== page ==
1&2 Peter Bible Study

Living Stones: A Study of 1 & 2 Peter ~ Lesson 4

Previous Lessons: 1, 2, 3

Read 1 Peter 2:13-3:7

Questions to Consider

1. If you had to summarize the theme of this passage in one word, which word would you choose? Which other New Testament passages can you think of that deal with the issue of submission to authority? In lesson 3 (link above), we learned that another theme we often see in the New Testament is growing to maturity in Christ. How can learning to submit to the authorities in your life help you to grow in spiritual maturity? Describe how biblical submission to authority fits with the theme of 1-2 Peter: living holy lives under persecution and before an unholy world.

2. For this lesson, we’re going to break this passage down into three sections and answer some similar questions about each.

Three different groups of people are exhorted to submit to authority in this passage. Identify these three groups of people and the authorities they’re instructed to submit to:

2:13-17-

 

2:18-25-

 

3:1-6-

 

3. God doesn’t always explain why He gives certain instructions, but sometimes He graciously does to help us understand Him and to encourage us to “think His thoughts after Him.”

What are the specific reasons He gives to each group for submitting to their particular authority? Is there a common thread among these reasons? Zoom out and take a “big picture” look at the general principle of Christians submitting to earthly authorities. What is God’s overall reason for this principle? How does our submission to authority paint a picture for unbelievers that there is an Ultimate Authority – Jesus – and that one day every knee will bow to Him?

4. Describe the opposition each group faces from the authorities they’re to submit to. What is the general reason for this opposition? Is it easier for you to submit to a) Christian authority you’re doctrinally aligned with, b) a “Christian” authority who’s doctrinally unsound (or a false convert), or c) a non-Christian authority? Why?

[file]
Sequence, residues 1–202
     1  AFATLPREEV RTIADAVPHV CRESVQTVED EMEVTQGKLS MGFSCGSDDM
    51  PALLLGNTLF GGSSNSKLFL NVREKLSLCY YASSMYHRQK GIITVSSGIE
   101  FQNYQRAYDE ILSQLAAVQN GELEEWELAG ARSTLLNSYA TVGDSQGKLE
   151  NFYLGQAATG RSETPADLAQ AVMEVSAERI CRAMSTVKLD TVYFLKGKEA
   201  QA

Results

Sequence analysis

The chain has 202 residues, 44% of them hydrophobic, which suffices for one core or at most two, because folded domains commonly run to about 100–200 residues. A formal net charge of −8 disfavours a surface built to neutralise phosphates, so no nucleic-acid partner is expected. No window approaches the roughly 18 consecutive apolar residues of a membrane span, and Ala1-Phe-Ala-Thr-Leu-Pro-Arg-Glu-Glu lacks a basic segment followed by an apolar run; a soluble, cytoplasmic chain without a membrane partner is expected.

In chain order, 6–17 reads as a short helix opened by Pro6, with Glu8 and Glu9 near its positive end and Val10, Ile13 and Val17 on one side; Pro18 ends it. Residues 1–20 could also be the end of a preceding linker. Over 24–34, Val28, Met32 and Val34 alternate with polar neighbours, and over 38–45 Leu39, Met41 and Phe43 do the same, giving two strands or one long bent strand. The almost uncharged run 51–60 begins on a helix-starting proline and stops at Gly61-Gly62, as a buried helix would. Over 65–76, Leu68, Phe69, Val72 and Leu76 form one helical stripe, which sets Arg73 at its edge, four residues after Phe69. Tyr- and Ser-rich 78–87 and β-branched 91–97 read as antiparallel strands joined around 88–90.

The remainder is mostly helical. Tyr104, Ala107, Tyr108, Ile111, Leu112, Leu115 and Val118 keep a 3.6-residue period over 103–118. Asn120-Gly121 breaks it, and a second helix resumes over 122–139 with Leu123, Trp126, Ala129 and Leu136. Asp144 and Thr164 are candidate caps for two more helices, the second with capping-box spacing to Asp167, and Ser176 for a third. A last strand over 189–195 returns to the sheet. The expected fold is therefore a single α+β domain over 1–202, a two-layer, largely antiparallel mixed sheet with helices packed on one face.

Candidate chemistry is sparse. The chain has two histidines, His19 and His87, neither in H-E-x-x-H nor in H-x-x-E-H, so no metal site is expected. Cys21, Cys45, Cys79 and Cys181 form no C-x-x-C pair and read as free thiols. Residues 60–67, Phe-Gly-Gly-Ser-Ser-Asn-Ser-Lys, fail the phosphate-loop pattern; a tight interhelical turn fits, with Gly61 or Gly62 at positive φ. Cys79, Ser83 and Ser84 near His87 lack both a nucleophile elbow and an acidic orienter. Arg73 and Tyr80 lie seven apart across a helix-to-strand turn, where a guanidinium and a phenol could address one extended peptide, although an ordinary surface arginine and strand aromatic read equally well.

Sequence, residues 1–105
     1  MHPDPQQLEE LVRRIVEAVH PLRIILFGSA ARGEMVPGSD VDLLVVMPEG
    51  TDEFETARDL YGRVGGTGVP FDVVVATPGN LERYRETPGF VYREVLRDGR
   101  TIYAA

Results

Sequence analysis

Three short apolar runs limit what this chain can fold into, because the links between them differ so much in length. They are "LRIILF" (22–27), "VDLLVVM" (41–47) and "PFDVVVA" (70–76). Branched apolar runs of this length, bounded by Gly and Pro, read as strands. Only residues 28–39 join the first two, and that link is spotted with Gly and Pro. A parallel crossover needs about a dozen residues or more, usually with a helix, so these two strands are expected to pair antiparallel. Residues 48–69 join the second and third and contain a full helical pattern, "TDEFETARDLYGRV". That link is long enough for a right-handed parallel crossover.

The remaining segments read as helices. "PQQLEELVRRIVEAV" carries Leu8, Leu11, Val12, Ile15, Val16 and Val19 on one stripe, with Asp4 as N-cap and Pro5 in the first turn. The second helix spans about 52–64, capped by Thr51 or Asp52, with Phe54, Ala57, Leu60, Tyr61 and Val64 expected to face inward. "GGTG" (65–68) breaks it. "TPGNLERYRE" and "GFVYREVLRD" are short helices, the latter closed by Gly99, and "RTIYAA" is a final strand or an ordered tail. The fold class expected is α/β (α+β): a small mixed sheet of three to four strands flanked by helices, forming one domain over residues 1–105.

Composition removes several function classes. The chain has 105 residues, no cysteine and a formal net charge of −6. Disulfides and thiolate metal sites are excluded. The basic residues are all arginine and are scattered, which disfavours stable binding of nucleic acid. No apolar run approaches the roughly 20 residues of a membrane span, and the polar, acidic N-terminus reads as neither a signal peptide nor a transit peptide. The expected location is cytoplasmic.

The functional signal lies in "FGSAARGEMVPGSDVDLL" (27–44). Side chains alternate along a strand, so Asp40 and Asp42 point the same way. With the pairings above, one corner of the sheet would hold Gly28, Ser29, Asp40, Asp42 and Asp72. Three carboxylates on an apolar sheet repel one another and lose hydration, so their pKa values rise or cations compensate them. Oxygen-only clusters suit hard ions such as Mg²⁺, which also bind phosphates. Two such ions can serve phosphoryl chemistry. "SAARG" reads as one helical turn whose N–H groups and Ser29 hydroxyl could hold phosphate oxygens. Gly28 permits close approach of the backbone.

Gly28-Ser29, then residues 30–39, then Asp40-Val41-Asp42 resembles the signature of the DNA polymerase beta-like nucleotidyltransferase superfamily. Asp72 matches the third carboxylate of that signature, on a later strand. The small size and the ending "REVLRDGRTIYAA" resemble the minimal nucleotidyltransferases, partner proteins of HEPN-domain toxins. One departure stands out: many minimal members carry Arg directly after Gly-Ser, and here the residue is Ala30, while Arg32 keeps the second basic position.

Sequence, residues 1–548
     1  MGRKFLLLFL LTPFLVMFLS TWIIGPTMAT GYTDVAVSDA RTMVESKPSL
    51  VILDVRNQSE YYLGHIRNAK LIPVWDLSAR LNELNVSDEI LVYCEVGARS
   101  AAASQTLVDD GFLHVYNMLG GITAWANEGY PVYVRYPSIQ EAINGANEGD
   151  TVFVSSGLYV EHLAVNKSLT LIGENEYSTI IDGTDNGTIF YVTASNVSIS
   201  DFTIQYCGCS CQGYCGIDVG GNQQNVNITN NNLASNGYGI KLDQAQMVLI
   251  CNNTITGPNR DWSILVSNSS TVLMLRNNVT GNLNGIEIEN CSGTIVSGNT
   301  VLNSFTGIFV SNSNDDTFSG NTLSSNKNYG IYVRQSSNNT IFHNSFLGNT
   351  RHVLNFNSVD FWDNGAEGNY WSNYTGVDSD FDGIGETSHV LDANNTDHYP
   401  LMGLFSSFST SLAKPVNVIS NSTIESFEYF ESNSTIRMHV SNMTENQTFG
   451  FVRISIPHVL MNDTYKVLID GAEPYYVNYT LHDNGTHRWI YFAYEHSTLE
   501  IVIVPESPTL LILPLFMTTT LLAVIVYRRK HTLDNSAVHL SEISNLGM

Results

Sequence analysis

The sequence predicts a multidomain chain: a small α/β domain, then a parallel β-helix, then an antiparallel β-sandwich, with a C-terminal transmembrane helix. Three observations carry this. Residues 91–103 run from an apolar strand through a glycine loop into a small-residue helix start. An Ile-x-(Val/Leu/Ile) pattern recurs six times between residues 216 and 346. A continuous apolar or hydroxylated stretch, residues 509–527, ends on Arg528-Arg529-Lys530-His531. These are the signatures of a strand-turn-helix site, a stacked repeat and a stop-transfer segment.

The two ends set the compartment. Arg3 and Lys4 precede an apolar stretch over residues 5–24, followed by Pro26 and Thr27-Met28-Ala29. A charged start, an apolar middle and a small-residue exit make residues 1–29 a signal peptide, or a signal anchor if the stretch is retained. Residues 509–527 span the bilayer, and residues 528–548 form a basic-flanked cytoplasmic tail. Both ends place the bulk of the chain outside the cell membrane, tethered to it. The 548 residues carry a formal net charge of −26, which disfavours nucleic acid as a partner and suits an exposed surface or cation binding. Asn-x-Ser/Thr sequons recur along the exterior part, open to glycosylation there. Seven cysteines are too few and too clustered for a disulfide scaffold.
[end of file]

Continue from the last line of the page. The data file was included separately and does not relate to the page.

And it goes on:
5. Study 2:20b-25. Think back over Jesus’ earthly ministry. In what ways did He suffer unjustly? How does Jesus’ response to unjust suffering set an example to Peter’s first century persecuted and dispersed audience of Christians, and how does it set an example for us to follow today during suffering and persecution? How is bearing up under unjust treatment and responding to it in a godly way a testimony of Christ to the lost around us? How might it open a door to share the gospel with someone?

6. How does it comfort you to know that you, like Jesus, can “entrust yourself to the One who judges justly”(2:23)? Does any act of evil or persecution against God’s children ever escape His notice and go unpunished either in this life or the next?

7. In each of our three sections God addresses those who are to submit, but He only addresses the authority in one section. Which authority is that, in which verse? Why do you think He addresses this particular authority here and not the others? What are the characteristics God instructs this authority to exhibit to the person under him, and how should these characteristics apply generally to all Christians in a position of authority over others? How does a godly, loving demonstration of authority point to God’s loving and benevolent authority?


Homework

Are there any authorities in your life that you have difficulty submitting to? The government/laws (2:13-17), your boss (2:18-25), your husband (3:1-6)? Think about the instructions for submitting to authority in today’s passage, identify one practical way you could better submit to your authority, and put it into practice this week.


Suggested Memory Verse

1&2 Peter Bible Study

Living Stones: A Study of 1 & 2 Peter ~ Lesson 3

Previous Lessons: 1, 2,

Read 1 Peter 2:1-12

Questions to Consider

1. What word does verse 1 start with? Review lesson 2 (link above) #7. What does the pivot word “so” mean in this verse? You may find it helpful to summarize chapters 1-2 in a “hinge sentence” (chapter 1 on the left, chapter 2:1-12 on the right, and the “So” in 2:1 as the hinge).

2. Peter uses several metaphors in this chapter. Can you identify each of them and explain the point he’s trying to make with each?

3. Read verses 1-3. One of the themes of the New Testament epistles is growing from spiritual immaturity as a new Christian to spiritual maturity in Christ. Consider verses 1-3 in light of these passages. What do verses 1-3 explain to us about growing toward maturity in Christ? What do these verses tell us to do? What does Peter mean by “if indeed you have tasted…” (3)? (hint)